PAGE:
“You feel the world is against you but we have each other”
Matt Sandusky, adopted son of convicted sex offender Jerry Sandusky, made a surprise appearance at the Sundance premiere of “Happy Valley,” a documentary about the abuse scandal and its impact on the Penn State community.
It was Sandusky’s first public appearance since he told police his father, a longtime coach at the school, abused him. Sandusky and his family have since tried to change their names.
“I’m happy with my involvement in the film and how it was told,” Sandusky told the crowd, many of whom went to Penn State. “The ending is what I want to be seen — what we’ve endured and been through. You feel the world is against you but we have each other.”
Sandusky declined to answer a question about whether his father abused his other children, apologizing because he did not feel comfortable.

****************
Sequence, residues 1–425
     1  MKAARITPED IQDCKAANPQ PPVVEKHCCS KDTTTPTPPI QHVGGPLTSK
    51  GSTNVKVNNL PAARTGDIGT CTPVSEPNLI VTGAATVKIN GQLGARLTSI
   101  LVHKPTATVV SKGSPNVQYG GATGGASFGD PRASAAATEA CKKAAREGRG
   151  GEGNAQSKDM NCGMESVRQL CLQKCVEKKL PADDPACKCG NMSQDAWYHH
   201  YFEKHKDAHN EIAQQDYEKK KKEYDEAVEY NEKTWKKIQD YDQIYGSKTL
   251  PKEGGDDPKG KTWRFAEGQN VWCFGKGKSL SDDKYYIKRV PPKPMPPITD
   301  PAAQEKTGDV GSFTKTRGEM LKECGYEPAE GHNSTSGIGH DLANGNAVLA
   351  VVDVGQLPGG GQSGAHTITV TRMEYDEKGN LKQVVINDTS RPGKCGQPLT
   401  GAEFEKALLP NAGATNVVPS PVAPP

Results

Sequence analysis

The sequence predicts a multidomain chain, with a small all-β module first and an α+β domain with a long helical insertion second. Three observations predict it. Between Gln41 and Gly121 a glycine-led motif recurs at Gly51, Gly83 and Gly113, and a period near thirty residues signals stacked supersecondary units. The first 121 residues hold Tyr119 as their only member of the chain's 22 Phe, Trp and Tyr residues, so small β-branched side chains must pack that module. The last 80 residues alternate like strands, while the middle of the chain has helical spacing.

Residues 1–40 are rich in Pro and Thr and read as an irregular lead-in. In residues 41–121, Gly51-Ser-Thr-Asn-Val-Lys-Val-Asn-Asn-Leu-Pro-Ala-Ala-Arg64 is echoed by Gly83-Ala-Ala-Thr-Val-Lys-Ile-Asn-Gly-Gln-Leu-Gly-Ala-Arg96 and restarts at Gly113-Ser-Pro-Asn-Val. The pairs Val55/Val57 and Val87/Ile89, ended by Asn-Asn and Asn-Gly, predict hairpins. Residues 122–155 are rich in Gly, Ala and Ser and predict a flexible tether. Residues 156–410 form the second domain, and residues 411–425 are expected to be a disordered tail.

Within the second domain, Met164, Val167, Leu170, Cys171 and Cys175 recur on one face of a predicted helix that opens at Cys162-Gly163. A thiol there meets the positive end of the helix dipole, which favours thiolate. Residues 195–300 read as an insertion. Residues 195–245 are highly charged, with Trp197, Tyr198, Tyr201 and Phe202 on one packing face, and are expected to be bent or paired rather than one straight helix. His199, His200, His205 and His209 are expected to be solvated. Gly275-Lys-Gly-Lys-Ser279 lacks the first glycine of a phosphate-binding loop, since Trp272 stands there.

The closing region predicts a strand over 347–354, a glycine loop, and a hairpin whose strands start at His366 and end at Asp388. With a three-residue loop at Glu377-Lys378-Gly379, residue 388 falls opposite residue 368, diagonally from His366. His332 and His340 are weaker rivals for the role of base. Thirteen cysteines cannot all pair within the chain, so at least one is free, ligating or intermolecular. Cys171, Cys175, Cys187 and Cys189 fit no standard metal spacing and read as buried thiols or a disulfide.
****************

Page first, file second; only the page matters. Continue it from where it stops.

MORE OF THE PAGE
The audience applauded his appearance, but pressed director Amir Bar-Lev about his approach to the story. Bar-Lev examined whether the blame heaped on legendary coach Joe Paterno was fair, and whether NCAA sanctions helped the town, fiercely loyal to Paterno, come to terms with what happened — and their own responsibility for it.
Paterno was fired, and the NCAA banned Penn state from the postseason for four years, stripping it of many wins.
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“The sanctions were unfortunate,” Bar-Lev said. “It changed the conversation. Many in the town saw themselves as victims. It ended the possibility for the town to look at itself in the mirror the way Matt did.”